I think my aunt was a little concerned about my books but I would say that my books aren’t known enough to get a lot of people’s opinions, which is great on one hand. So I would say not really. Most people who read my books I think know what they are getting into and if they don’t link it they probably just don’t read it.
When and how did you start writing?
I started writing when I was a kid. I was always writing stories. I just never finished it. Until 202 when I thought since we were in a pandemic and I am unemployed that I would try it. That August I finished my first book and published it. I was so happy. The story meant a lot to me.
What is your biggest piece of advice for those who are just starting on their writing journey?
Write for you. Always. I think people get pretty consumed with “what if people don’t like it?” that they get stressed and it doesn’t become fun anymore. If you always write for you chances are you lift a huge weight off of you. Also, people who read your books might be a lot like you. Your audience and yourself tend to share characteristics so writing for you can hugely benefit you. Your book won’t be everyone’s cup of tea.
Do you plan to branch into different genres in the future?
I have a supernatural/fantasy romance book in the works. I would say judging by the hundred of book outlines I have I have a hard time staying in the lines of “taboo romance” I think a lot of my books have that air to it but I am looking forward to getting into that supernatural vibe.
Do you read the genre you write in?
Most of the time yes. I read a lot of age gap books and “Daddy” books and other books with hints of taboo. I do branch off sometimes.
What book had the biggest impact on you and your writing style?
I don’t know if I could pin it down by a single book but I would say that Alexa Riley had a huge impact. I fell in love with their books. I started writing Dirty Work because of their books. I like their sexy, dirty, and fun atmosphere and they inspired me to write books like that because I also really like reading books like that.
If you had to describe your writing style in three words, what would they be?
Three words-Light, Dirty, and Sweet.
Bonus- Elevator pitch of your upcoming book
So my current work in progress is an age gap, reporter vs CEO. He is a millionaire who is 40 and single. She is a reporter who is 25 and has a boyfriend. But not for long. She ends up interviewing this man and gets a kind of a thing for him. She realized that guys her age don’t know how to treat her right. No cheating. Hot as hell. HEA guarantee.
I wanted the music to be a bit slower to reflect the tone of the series rather than the book. I felt that upbeat music fit this book a bit, but not the series as a whole, so I wanted to go with a slower, more melancholy sound. I wanted it to show the seriousness of the series and set the foundation for what’s ahead. We went though several different sounds. CJ is a saint for putting up with me until we eventually decided on this one. I love the strums of the guitar then the singer coming in with the ‘oooos’. It kind of reminds me of choir music, which is exactly the sound I wanted to go for.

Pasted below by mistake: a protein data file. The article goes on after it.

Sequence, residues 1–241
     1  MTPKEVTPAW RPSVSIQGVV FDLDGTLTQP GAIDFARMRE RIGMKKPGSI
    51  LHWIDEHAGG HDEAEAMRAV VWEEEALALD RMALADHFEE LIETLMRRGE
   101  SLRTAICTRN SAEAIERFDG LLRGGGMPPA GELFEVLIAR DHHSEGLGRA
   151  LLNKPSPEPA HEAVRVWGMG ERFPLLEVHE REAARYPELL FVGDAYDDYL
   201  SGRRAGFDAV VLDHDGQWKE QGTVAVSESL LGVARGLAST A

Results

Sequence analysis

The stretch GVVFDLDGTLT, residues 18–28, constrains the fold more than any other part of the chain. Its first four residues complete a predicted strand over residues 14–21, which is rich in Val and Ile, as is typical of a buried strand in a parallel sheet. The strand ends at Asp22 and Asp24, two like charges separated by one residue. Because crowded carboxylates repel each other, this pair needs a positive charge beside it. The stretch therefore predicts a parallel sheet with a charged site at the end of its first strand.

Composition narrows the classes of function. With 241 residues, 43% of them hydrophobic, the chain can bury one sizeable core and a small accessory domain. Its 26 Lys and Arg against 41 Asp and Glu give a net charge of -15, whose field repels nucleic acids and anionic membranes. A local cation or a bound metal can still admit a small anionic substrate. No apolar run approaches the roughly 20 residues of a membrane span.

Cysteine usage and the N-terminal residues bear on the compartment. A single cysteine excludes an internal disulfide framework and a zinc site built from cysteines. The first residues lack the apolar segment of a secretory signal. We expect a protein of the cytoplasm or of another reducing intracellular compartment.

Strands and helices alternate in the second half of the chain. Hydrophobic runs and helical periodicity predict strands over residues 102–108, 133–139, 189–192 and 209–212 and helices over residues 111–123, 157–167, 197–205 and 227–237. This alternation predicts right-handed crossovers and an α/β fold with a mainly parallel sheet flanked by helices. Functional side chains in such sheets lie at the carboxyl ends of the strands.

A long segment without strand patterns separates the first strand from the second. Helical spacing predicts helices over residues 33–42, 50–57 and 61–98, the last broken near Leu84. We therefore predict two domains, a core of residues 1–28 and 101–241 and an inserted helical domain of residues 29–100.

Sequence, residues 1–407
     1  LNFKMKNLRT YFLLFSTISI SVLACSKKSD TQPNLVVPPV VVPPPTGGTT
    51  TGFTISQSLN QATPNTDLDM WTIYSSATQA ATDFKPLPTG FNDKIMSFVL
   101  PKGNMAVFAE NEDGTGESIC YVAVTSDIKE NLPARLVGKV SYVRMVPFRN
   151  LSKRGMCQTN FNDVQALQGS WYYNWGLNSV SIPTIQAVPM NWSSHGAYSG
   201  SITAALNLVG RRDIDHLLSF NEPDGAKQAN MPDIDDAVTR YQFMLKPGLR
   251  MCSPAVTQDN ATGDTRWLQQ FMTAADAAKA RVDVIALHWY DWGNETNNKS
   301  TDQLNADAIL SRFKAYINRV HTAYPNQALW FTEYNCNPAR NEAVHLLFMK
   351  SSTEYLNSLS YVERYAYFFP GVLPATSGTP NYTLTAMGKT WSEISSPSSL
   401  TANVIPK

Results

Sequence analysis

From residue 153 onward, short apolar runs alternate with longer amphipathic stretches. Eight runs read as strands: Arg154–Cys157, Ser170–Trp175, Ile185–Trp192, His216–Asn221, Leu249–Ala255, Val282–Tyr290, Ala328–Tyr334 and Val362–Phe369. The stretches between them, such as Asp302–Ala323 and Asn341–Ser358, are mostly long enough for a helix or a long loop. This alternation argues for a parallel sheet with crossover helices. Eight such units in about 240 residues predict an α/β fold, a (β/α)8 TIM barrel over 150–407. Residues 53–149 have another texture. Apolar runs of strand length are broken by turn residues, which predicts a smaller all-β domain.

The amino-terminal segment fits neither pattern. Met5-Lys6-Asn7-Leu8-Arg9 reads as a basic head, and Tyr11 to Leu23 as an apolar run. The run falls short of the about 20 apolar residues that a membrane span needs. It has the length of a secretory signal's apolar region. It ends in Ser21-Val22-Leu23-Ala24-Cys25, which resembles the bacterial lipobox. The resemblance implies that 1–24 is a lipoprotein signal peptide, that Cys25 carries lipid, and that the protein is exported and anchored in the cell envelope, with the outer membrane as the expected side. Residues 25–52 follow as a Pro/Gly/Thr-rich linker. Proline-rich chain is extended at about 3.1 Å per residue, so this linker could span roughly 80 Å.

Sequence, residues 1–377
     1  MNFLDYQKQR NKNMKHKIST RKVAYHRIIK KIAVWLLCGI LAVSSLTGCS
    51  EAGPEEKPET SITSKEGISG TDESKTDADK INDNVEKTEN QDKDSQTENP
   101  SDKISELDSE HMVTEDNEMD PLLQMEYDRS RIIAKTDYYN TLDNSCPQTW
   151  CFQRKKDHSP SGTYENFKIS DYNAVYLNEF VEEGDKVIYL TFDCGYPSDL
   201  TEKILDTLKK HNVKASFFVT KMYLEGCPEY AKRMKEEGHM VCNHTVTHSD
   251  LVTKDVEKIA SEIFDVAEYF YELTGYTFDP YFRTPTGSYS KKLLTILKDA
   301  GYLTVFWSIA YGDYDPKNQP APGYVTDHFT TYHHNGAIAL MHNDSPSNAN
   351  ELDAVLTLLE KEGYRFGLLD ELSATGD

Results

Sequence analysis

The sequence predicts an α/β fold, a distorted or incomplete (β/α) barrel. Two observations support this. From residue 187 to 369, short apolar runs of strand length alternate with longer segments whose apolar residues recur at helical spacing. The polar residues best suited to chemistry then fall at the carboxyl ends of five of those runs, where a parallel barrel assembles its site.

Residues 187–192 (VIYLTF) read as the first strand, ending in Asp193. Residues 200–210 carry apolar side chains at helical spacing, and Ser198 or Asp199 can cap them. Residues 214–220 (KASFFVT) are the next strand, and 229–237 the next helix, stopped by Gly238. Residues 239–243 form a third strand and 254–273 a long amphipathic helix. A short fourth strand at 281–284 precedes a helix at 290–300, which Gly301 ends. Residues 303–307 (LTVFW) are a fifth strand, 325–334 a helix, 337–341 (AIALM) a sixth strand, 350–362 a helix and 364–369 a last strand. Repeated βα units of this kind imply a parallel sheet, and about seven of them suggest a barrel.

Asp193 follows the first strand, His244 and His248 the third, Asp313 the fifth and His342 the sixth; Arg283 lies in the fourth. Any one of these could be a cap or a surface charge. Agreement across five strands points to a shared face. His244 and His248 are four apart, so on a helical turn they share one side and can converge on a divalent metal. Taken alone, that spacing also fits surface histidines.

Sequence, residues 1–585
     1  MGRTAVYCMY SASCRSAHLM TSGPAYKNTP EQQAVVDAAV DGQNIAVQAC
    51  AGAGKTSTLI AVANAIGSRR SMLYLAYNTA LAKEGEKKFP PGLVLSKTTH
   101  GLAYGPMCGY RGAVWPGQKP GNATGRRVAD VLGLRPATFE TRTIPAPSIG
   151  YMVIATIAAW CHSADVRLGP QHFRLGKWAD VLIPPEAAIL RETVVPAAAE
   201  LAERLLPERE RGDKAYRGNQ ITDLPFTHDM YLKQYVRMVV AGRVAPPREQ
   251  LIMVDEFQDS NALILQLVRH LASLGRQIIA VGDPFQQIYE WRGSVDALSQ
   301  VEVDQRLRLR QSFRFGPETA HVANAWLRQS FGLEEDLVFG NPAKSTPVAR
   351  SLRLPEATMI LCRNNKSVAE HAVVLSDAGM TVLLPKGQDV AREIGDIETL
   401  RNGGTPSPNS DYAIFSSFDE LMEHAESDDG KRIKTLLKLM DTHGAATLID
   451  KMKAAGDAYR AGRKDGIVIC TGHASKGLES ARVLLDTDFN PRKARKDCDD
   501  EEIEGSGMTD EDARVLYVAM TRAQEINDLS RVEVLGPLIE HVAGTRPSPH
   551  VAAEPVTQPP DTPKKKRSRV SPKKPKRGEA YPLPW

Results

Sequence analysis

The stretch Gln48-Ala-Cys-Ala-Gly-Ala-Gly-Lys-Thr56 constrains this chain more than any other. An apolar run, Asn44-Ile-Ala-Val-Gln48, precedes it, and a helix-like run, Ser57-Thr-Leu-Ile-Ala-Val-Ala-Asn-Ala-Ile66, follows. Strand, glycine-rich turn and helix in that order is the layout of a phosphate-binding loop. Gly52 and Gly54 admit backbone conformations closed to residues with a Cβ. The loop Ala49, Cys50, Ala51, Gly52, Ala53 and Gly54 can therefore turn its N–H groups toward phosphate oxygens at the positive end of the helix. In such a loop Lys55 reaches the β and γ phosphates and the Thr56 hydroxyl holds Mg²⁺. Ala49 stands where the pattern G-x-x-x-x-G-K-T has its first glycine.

The Opening Scene
I wanted the first scene to reflect Luka’s character and to also show that the story is set in high school. I thought the players running out of a locker room would do just that. Luka plays football through a lot of this story, a football game even coming into play during the end. I thought this particular scene gave a lot of information about his character especially with the lines “they told him he was born sick” laid over the video. That’s the tag line for this book, and it really applies to both male character leads.
The Second Scene
Of course this trailer needed to show an old church. I mean… it’s pretty much a requirement at this point. I think that was one of the things I listed to CJ when she asked what I was looking for. Church is a huge part of this stories as well as the culture that is present in the south that surrounds these Christian communities. I love that it says “being gay is a sin according to his church” here because the church is in the background, and to me it really drives that point home. It’s huge theme of the whole series, believing in a god that you are told will damn you for who you love. The guilt that comes along with it.
The Third Scene
The storm represents the inner turbulence that both characters go through in the book. Luka struggles with his faith and what that means in relation to his attraction to Harlan. In turn, Harlan really struggles with trusting others, especially someone like Luka who reminds him of the very person that betrayed him. I do not shy way from mental health in this series, including in this book, and I think this scene really showcases the turbulence of both the book and the series. The tree in the scene represents growth, and how you need rain, including a storm, in order to grow, which both characters do throughout this book. All of this ties into the line “faith and sexuality will be tested”.